That’s a huge improvement but the company’s ancestry data still isn’t complete. There is an incredible number of genetic variations already known for Northern Europeans and Eastern Europeans, and so results in regards to those regions are going to be pretty accurate. But in other populations, there have been fewer people studied and that means there’s more of a tendency for error.

Don’t worry though, they keep updating it and fine-tuning their Ancestry reports even after you receive your initial results.

Also, women who get tested will receive slightly incomplete ancestral analyses, because males inherit certain genetic material—called haplogroups—from both their fathers (through their Y chromosome) and mothers (through mitochondrial DNA), while women only inherit it from their mothers. Thankfully, 23andMe says the “vast majority” of its ancestry features are based on autosomal DNA. Autosomal DNA is passed on from both parents to both male and female offspring.

5. You may discover new relatives

As part of your genetic report, you have the option to participate in a tool called DNA Relatives. This tool allows you to connect with other people who have used the service and share your familial DNA.

Even before opting into this additional service, your report can tell you how many close relatives (like siblings, parents, grandparents, and first cousins) are in 23andMe’s database, as well as how many more distant relatives. It can also tell you where these relatives are located around the country and the world.

Security

As you may or may not yet know, I run another blog about cybersecurity (you can check it out at TheWhiteHatHacker.com), so you know security and privacy are valuable to me. Sending in a DNA sample and being stored in a database might sound unsafe, but here’s something you should know about 23andMe:

6. You can choose how the company stores and uses your data

As a 23andMe customer, you can decide whether or not the company should store your saliva sample or destroy it after analysis. You can also decide whether you want your account to be visible to other 23andMe members and if you want to participate in a tool that connects you with relatives based on your DNA similarities. You can also change these settings at any time.

It’s also important to know that 23andMe does not sell, lease, or rent any identifiable information at the individual level. The company does, however, share aggregated customer data (stripped of people’s names, contact information, and personal details) with third parties “in order to perform business development, initiate research, send you marketing emails and improve our services.”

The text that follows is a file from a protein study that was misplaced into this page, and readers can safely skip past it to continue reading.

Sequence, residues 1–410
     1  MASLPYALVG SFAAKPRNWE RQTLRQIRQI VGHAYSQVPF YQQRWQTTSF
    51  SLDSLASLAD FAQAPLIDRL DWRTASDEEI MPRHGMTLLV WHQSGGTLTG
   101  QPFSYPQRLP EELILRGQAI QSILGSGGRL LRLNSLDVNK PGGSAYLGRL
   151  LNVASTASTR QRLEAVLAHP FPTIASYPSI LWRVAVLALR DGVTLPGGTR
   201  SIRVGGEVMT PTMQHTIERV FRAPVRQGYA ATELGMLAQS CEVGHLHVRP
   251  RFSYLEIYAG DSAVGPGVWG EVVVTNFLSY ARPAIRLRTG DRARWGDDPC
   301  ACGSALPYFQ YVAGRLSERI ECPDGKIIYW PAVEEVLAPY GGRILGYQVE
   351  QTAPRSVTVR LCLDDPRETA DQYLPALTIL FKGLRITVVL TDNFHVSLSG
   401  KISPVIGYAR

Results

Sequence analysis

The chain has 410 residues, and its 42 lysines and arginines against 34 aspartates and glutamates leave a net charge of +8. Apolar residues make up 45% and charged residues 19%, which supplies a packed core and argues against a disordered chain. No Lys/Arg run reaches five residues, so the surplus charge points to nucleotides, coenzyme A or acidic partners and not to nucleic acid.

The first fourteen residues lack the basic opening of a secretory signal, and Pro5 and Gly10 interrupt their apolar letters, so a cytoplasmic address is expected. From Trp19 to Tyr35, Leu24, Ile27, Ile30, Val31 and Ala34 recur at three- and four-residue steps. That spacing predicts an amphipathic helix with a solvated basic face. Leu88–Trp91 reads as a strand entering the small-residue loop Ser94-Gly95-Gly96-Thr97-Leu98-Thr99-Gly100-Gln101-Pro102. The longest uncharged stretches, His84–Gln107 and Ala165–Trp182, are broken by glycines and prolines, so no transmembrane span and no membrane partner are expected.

23andMe also offers customers the opportunity to participate in scientific research, both at home and online. Participation is voluntary, and choosing not to do so won’t impact your analysis the results you get out of the service.

7. You can choose how much information you make public to other users

Activating the DNA Relatives tool is optional but it means sharing your profile picture, your name or initials, and some of your report results with your genetic relatives. In case you haven’t already read my cybersecurity posts on TheWhiteHatHacker.com, keep in mind that the more personally identifying information you put out into the world, the more danger your privacy and security face.

8. You can find out information you may not have wanted to know

By using a test such as this one, you may be putting yourself at risk for finding out information you’d rather not know. This may include finding out:

  • You’re not related to the people you thought you were
  • You are related to people you didn’t know you were related to
  • You’re at risk for certain disorders (or a carrier)

Remember that you can set options to limit that last one, but these things should always be a consideration.

At the end of the day, 23andme should be fun

9. Not all the results are super-serious

Along with ancestry and genetic health risk, your 23andMe report can give you fun insights into how your DNA may affect your physical and personality traits. For example, it can tell you if you have genetic variants that make you more likely to:

  • be a vegetarian,
  • drink a lot of coffee,
  • be a sound sleeper,
  • have frizzy hair,
  • have two different sized feet

Recently, 23andMe even started testing for genetic variants for the ability to match musical pitch!

Test results can also tell if a person has higher-than-average odds of disliking cilantro or flushing when they drink alcohol.

TL;DR

Have you done a 23andMe test?

Did you like what you found out? And if you haven’t yet, do you think you ever will?

Let me know below!

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With all my love,

SC xo

StephanieCristi discusses 9 things to know before you take the plunge and do a 23andMe ancestry and/or health and wellness DNA test. #23andMe #DNAtest